From Novella to Novel
The main outlines of Dostoevsky's conception of Crime and Punishment were set early, but it was only as the work developed and expanded under his hands that it took on its multifaceted richness. In the splendid complete edition of Dostoevsky's writings published by the Academy of Sciences of the former Soviet Union, the editors have reassembled the disorderly confusion of the notebooks that Dostoevsky kept while working on Crime and Punishment and printed them in a sequence roughly corresponding to the various stages of composition. Dostoevsky, as we know, was in the habit of casually flipping open his notebooks and writing on the first blank space that presented itself to his pen, and since he also used the same pages to record all sorts of memorabilia, the extraction of this material was by no means a simple task. Thanks to these meritorious labors, however, we now possess a working draft of the story or novella as originally conceived, as well as two other versions of the text. These have been distinguished as the Wiesbaden version, the Petersburg version, and the final plan embodying the change from a first-person narrator to the indigenous variety of third-person form invented by Dostoevsky for his purposes.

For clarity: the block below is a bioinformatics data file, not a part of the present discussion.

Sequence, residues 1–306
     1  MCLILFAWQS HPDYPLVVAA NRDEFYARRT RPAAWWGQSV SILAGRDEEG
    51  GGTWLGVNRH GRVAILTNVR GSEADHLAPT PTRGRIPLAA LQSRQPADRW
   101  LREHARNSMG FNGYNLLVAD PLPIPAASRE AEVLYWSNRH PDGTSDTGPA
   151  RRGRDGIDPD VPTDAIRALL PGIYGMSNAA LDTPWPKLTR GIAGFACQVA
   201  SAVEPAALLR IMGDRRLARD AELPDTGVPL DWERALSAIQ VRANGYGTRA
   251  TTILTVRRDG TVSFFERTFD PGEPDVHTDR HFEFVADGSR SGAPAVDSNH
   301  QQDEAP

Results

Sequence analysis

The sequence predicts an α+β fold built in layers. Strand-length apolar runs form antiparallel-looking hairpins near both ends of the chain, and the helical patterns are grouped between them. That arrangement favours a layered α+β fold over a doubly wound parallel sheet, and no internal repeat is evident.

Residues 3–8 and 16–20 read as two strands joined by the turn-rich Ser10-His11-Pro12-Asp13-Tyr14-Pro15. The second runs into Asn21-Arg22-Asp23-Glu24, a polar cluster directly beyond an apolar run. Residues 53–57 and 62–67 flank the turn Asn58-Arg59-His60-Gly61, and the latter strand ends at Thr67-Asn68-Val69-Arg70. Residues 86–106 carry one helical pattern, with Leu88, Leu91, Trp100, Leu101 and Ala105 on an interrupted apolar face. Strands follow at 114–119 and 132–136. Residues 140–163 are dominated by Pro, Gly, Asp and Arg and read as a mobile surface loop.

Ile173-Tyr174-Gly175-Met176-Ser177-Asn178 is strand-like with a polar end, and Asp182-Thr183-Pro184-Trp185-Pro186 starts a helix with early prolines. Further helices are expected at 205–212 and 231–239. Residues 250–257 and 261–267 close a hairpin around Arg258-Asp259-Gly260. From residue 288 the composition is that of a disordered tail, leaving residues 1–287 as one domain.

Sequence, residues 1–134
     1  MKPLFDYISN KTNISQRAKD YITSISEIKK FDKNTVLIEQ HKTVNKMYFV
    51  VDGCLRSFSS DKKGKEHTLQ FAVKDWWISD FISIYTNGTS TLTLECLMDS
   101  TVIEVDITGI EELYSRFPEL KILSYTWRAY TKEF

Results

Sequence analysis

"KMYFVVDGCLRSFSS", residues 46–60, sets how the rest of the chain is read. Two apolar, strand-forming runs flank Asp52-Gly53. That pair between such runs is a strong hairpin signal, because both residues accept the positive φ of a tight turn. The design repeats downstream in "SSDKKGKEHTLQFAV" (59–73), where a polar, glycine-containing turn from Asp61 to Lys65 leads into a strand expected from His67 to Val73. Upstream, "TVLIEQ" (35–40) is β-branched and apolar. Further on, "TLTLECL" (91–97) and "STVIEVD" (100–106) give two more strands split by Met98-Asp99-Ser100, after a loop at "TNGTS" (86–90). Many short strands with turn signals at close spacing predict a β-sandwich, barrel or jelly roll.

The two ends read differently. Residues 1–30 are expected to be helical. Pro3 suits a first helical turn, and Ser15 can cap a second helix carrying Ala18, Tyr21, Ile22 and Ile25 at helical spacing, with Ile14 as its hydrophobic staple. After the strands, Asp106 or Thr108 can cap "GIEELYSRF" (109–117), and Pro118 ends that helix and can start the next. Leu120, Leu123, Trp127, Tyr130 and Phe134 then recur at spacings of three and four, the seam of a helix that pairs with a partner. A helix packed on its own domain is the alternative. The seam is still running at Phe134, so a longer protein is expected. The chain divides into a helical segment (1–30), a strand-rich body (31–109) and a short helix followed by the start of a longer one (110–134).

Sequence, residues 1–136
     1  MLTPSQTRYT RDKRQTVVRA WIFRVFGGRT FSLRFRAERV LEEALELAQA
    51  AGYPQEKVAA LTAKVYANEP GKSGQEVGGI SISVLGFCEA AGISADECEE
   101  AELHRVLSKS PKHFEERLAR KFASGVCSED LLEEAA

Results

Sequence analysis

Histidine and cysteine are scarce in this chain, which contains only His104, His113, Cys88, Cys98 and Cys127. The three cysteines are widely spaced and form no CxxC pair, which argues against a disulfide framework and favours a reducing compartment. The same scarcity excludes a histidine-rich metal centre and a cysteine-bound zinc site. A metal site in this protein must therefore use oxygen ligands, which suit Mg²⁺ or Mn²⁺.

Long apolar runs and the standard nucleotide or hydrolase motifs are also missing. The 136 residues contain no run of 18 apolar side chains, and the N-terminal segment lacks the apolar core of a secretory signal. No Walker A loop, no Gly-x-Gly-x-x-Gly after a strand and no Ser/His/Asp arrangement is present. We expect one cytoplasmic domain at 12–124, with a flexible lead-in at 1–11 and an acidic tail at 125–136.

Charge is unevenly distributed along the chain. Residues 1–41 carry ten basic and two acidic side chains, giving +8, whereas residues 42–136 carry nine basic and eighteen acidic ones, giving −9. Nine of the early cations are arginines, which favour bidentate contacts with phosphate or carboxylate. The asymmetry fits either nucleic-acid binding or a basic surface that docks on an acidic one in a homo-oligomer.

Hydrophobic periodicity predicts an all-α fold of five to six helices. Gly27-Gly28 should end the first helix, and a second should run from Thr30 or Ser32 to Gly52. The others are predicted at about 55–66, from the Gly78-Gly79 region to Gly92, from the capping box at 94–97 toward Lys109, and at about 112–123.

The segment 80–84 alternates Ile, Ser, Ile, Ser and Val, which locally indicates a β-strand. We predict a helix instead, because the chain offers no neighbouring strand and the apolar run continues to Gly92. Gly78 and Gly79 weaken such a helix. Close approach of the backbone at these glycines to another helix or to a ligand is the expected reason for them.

The Wiesbaden version coincides roughly with the story that Dostoevsky described in his letter to Katkov, and a draft of six short chapters has been reconstructed from his notes. Written in the form of a diary or journal, the events it records correspond to what eventually became the conclusion of Part I and Chapters 1–6 of Part II in the definitive redaction. (The action of this part of the novel begins with Raskolnikov's return to his room after the murder, and it ends as he reads a newspaper account of the crime and encounters the police clerk Zametov.) What strikes one about the six Wiesbaden chapters is how much of the later text they already contain. Here are almost all of the secondary characters in their final form; details suggesting a bloody criminal deed are given and the terror of the narrator vividly conveyed; but it is not indisputable that the missing first chapter contained a depiction of the murder itself. It is possible that the story began after the crime, whose events would be gradually disclosed